Named one of the world’s top leadership experts, John Baldoni is a recognized name for anyone studying the subject of leadership. He has appeared on numerous programs, been quoted in publications as diverse as the New York Times to Investor’s Business Daily, and he has written articles for Inc. and the Harvard Business Review. Having now read John’s tenth book, I recently enjoyed discussing leadership theory and practice with him.
If you regularly read his columns, you know that John scours the world for models of success and presents examples for you to follow. Well before I was a CEO, I followed his practical tips. If you are in a leadership position, he is someone you want to follow. If you want to move up in an organization, he has some wise counsel.
Business Day is a television series hosted by former Pittsburgh Steelers quarterback Terry Bradshaw. The program spotlights interesting business stories and shares insights from company leaders in a variety of industries. Business Day visited Ingram Content Group to learn about how we are reshaping our business and staying relevant as the content landscape shifts around us.
Make innovation a study and you inevitably will run into one name: Jeff DeGraff. Dr. DeGraff is a professor at the Ross School of Business at the University of Michigan. He’s been called the Dean of Innovation. Before moving to Nashville, I lived in Ann Arbor and had the opportunity to meet him and see him in action. Jeff has worked with some of the biggest global corporations including Apple, Visa, GE, Coca-Cola, and Johnson & Johnson.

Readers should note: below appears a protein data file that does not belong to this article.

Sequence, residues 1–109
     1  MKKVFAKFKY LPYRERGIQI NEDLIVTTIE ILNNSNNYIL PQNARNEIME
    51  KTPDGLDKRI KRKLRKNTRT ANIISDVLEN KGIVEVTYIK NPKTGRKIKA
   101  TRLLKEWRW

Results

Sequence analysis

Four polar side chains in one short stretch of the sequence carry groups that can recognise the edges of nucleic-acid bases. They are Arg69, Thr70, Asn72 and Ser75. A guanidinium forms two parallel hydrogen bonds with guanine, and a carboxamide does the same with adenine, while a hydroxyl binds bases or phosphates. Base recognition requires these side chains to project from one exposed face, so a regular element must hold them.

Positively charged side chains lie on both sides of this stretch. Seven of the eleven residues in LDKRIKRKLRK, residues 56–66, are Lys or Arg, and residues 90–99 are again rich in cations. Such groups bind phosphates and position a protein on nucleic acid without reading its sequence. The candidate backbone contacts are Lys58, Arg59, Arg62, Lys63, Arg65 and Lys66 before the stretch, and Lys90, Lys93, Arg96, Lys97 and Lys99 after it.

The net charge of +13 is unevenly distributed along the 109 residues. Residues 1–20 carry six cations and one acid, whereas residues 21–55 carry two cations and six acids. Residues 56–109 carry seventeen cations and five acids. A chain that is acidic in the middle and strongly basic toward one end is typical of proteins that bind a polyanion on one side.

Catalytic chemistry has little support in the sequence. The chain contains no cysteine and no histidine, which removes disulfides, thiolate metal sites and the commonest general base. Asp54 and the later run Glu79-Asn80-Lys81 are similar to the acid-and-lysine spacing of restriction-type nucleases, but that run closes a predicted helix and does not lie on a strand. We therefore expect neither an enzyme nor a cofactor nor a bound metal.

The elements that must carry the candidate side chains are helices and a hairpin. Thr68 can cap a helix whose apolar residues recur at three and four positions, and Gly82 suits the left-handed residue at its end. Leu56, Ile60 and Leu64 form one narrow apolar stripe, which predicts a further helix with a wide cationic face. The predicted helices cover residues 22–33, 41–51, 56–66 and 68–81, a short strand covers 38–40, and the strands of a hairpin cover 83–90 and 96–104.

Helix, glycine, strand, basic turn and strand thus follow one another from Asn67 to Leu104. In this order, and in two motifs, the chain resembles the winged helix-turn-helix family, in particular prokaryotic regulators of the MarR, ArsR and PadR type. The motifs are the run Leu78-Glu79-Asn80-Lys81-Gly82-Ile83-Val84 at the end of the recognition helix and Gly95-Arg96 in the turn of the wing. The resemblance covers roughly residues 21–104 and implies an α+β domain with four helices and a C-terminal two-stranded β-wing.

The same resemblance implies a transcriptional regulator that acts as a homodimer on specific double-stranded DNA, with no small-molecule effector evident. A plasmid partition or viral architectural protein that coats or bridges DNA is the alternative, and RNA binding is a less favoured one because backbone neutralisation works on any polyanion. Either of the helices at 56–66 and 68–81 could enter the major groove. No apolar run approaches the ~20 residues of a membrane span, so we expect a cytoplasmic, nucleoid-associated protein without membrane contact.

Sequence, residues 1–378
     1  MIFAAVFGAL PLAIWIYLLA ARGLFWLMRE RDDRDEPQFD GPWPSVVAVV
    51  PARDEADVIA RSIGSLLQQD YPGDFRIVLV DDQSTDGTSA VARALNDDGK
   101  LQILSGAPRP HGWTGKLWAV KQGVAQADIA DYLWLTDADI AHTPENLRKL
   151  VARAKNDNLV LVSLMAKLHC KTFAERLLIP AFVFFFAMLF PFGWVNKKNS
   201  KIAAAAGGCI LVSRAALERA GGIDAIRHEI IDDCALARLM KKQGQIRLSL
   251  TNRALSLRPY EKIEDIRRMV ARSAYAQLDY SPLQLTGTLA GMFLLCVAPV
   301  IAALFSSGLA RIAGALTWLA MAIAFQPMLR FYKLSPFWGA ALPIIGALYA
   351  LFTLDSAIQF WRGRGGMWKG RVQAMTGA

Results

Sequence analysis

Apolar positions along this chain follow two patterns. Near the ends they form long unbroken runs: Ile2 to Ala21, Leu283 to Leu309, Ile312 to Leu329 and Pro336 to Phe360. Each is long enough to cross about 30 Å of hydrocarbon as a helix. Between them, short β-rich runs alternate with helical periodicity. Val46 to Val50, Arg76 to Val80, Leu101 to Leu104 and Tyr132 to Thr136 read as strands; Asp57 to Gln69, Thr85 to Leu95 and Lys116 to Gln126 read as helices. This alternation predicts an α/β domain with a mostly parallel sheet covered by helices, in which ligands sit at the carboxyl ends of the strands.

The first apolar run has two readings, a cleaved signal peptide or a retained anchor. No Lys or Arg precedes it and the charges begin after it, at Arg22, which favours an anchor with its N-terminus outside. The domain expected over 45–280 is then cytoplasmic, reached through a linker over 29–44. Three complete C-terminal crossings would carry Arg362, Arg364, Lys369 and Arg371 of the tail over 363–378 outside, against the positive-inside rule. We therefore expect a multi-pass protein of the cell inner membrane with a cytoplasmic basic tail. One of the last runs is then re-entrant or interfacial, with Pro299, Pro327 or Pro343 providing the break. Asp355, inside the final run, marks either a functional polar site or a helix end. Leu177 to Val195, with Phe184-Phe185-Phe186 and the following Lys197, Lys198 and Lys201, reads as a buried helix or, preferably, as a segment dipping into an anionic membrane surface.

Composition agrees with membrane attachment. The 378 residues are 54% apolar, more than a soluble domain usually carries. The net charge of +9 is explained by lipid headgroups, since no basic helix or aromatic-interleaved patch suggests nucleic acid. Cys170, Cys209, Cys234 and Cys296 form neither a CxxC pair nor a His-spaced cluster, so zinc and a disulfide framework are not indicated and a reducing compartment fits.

I recently had the opportunity to talk with Jeff when I visited the University of Michigan. He has created an innovation laboratory called the Innovatrium.
It’s when Congress passes a bill, but the president does not sign it within ten days after Congress adjourns. Effectively, it means that the bill is dead. After all the committee meetings, the bill is passed in the House of Representatives and then the Senate, but the bill does not become law.
The president can sign bills into law or he can veto them. He can also use the political maneuver of a pocket veto and do nothing.
My version of a pocket veto is different. It happens in organizations.
One of the most thoughtful voices on transformative challenges and disruptive change is Geoffrey Moore. His books are must-reading in business schools, but are applicable to anyone seeking significant growth or change. I’ve spoken on the topic of personal and industry change at various conferences. After one of my speeches, someone connected me to Geoff. I enjoyed meeting him since all of his books are in my private library at home: Crossing the Chasm, Inside the Tornado, The Gorilla Game, Living on the Fault Line, and Dealing with Darwin.